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Anti-communism in the Liberal Party from Menzies to Turnbull

  • 01 September 2017


The anti-communist hysteria has been ratcheted up a notch in the last couple of weeks by the Liberal Party.

Economics Minister Mathias Cormann has claimed that Opposition Leader Bill Shorten is a socialist and wants to take Australia back to the times of East Germany and the Soviet Union. Eric Abetz has sought, alongside The Australian newspaper, to make links between Get Up and the remnants of the Australia Soviet Union Friendship Association.

In the debate over the statues of Captain Cook and Governor Lachlan Macquarie, as well the wider denial of many to Australia's violent settler colonial history, Malcolm Turnbull has called those who argue for a rethink over Australia's past treatment of the Indigenous population 'Stalinists'. And last weekend, Veterans' Affairs Minister Dan Tehan claimed that Shorten will turn Australia into Cuba.

Earlier this year, Turnbull made a speech in London where he called for the Liberal Party to return to its ideological base as laid out by Sir Robert Menzies. Turnbull suggested that the Liberal Party under Menzies was the socially conservative party that many on the LNP's right wish it to be, but it seems that what the Liberals have taken from the Menzies era is a revival of anti-communist rhetoric.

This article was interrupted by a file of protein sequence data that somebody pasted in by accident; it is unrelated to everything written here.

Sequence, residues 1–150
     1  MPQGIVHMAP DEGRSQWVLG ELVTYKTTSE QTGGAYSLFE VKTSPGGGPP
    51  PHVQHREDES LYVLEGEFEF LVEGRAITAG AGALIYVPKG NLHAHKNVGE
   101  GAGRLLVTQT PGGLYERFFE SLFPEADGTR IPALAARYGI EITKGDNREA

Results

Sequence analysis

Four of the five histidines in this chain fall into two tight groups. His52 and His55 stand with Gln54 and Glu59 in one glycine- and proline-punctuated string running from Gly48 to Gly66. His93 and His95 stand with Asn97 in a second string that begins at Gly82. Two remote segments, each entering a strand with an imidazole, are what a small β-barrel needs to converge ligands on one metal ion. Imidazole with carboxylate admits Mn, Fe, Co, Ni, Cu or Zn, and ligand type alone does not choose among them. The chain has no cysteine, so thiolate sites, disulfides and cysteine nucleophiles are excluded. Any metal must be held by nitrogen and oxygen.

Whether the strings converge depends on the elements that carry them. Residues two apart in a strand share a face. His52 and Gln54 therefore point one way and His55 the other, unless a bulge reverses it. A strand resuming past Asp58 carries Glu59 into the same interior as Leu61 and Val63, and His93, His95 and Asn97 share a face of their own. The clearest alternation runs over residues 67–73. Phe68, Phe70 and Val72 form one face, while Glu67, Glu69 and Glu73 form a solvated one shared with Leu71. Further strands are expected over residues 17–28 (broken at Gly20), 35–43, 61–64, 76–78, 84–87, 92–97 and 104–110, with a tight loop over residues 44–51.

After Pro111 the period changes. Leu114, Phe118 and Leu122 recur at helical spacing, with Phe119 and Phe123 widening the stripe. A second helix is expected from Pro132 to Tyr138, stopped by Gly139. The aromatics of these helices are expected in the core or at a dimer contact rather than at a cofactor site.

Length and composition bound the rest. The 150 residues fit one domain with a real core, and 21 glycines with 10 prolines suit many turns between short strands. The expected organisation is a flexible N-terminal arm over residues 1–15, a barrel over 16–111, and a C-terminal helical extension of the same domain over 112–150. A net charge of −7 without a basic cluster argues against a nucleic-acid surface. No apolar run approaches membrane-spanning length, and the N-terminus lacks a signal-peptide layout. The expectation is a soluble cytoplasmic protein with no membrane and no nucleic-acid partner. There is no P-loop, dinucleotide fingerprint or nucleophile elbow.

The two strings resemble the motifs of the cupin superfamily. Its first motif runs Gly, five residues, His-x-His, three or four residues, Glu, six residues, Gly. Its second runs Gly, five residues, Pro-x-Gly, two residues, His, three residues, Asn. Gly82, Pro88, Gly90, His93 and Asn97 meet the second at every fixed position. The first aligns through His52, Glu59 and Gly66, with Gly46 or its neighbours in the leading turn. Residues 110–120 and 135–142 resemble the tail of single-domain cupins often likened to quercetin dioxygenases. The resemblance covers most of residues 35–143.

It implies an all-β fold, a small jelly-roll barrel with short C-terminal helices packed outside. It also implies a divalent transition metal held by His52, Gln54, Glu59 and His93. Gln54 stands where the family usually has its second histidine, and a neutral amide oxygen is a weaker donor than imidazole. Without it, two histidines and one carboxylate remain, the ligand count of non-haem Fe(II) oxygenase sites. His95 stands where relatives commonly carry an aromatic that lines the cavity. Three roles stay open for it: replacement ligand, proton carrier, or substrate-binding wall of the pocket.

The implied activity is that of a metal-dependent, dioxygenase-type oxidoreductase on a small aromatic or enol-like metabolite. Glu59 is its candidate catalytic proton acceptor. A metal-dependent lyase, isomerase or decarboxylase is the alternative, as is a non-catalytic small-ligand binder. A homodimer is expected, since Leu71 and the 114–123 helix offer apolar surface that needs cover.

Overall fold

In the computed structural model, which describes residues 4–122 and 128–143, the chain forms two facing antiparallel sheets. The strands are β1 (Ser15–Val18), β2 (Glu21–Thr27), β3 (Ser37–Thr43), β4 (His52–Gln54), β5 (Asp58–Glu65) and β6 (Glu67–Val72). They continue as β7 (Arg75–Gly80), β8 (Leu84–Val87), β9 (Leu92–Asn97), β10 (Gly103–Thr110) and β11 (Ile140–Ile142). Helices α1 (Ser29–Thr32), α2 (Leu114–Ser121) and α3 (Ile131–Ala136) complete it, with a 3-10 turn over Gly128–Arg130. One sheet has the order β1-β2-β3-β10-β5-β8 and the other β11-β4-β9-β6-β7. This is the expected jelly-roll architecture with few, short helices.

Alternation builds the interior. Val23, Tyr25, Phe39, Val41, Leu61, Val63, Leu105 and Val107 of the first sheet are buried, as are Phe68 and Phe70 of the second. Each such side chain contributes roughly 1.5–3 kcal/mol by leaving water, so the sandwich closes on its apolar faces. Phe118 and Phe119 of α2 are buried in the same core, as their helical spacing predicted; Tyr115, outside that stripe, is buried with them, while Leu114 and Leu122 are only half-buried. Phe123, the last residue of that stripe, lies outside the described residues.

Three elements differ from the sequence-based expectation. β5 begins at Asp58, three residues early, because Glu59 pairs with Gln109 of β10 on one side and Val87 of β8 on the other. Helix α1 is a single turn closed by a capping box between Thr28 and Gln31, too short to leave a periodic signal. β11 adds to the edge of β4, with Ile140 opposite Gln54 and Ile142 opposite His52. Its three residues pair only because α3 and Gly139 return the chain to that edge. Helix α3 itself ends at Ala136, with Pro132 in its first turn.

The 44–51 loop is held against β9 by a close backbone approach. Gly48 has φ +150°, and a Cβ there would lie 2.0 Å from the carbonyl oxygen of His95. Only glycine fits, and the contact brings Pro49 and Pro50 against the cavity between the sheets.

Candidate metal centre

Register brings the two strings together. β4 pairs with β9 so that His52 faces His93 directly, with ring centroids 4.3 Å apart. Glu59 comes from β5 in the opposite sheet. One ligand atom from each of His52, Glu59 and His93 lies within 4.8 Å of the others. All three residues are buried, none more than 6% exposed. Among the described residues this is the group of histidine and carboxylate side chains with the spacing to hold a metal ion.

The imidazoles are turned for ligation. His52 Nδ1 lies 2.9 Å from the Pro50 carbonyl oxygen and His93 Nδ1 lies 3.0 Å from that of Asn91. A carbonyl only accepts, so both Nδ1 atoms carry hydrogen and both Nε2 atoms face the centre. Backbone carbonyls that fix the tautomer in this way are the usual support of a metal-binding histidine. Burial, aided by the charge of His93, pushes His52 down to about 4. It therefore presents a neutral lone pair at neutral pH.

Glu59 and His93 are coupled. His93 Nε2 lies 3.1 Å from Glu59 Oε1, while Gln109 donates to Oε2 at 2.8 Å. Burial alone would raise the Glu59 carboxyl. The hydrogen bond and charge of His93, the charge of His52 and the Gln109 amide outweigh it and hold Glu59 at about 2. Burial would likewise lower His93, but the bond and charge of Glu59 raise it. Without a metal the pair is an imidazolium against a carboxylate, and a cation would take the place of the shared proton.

Menzies became prime minister for the second time in December 1949 on an explicitly anti-communist agenda. This was the early height of the Cold War. Throughout 1949, communist-influenced miners had led a coal strike in three states in a challenge to Labor PM Ben Chifley, who eventually called in the Army to break up the strike. Furthermore the leader of the Australian Communist Party, Lance Sharkey was jailed for sedition in the same year for suggesting he would welcome the 'liberation' of Australia by Soviet troops.

On the international stage, the tightening of the grip of the Soviets over the 'People's Democracies' of Eastern Europe had become more or less complete by this time and in October 1949, the People's Republic of China was announced in Peking. To make matters worse, a communist rebellion was beginning in Malaya, reportedly (falsely at the time) sparked by conversations between Sharkey and the Malayan Communist Party leader, Chin Peng.

Taking inspiration from similar efforts in Canada and the United States, and working closely with the newly created apartheid government in South Africa, Menzies campaigned that if elected, the Liberal-Country Party coalition would ban the Australian Communist Party.

Within six months of his electoral victory Menzies